Ms. Kirchner has been teaching since 1990 and started with Aurelius Sängerknaben Calw in 1994. She has identified 15 synesthetic boys in that time. "Our art director, Bernhard Kugler, is very open to it. I`m very happy about that."

She is a member of Deutsche Synästhesie Gesellschaft e. V. , the German synesthesia organization and finds it great to socialize and learn from other synesthetes there, she says.

Ms. Kirschner has loved music since childhood and became inspired to teach and to develop her own talent more after hearing a boys choir. Her favorite composers are Bach, Schubert, Schumann and Mozart. She will sing the alto arias in the Johannespassion or Passion of St. John by Bach in April with the boys.

Ms. Kirschner loves commuting from Stuttgart each day to teach her young charges, synesthetes and non-synesthetes alike. She has a message for educators around the world:

"I would like to suggest being open to this trait in children. We should inform teachers and parents more about synesthesia.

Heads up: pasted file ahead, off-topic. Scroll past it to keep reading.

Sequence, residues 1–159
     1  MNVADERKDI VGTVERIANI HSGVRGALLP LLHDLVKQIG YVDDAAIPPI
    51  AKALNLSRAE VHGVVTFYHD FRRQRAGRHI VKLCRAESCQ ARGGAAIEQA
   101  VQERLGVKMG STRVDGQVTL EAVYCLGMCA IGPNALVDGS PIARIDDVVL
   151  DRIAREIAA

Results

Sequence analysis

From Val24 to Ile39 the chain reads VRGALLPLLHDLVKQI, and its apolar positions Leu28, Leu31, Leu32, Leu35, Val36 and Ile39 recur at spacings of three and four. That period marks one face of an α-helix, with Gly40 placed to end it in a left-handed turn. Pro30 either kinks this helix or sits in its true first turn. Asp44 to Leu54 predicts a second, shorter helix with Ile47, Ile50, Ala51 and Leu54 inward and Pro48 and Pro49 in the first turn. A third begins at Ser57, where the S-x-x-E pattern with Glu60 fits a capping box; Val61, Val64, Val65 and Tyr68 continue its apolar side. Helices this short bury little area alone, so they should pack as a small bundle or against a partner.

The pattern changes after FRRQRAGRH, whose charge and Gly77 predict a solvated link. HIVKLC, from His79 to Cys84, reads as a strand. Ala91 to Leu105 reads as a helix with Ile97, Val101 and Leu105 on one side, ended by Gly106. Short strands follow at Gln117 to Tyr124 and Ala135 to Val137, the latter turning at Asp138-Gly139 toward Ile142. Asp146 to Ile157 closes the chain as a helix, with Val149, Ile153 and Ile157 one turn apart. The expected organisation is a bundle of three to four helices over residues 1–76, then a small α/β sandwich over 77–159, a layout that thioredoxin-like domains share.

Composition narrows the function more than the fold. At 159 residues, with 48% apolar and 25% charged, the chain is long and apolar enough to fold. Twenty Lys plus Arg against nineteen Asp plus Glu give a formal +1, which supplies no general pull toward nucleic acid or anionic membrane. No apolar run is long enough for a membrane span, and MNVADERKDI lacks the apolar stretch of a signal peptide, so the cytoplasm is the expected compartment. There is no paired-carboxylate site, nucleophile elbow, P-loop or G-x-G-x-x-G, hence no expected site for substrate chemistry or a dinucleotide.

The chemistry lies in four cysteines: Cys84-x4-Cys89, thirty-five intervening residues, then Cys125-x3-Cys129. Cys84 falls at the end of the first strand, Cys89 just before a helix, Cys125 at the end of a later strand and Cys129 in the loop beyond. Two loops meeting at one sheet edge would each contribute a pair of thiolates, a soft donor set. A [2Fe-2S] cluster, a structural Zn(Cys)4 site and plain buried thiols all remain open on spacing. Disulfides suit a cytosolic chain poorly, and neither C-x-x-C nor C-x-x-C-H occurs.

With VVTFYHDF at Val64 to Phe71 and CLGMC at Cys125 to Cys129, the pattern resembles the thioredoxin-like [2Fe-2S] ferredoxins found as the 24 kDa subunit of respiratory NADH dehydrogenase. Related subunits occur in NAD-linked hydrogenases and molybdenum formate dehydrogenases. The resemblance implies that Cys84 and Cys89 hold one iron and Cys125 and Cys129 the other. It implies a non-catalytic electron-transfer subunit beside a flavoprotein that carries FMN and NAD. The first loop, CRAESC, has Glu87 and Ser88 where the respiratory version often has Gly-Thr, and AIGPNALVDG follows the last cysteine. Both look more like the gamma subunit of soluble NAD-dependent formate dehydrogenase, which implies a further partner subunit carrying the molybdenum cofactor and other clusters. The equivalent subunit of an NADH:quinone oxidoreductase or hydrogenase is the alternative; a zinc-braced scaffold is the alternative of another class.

"Being a synesthete means not only to see some colors while hearing something. It forms your whole character and can you make hypersensitive. For these children it is often very hard to find their identity, because they don`t know what is different. It is sometimes not easy to work with these special children. Some of them are even highly gifted and they need much care and understanding. Of course, all children need much care and understanding. For everyone we must find the best way to be happy in the world and to learn to be good to others. And for synesthetes it is very important to find out their synesthesia and to teach them to live, to work and to learn with their synesthesia so they may develop their gifts in arts, science and humanism."

Further, she believes synesthesia is an excellent window through which to learn more about how all brains work. "It could open a (perhaps better) new world of understanding."

She welcomes inquiries from interested educators, parents and researchers and can be reached at alexandra-kirschner@t-online.de.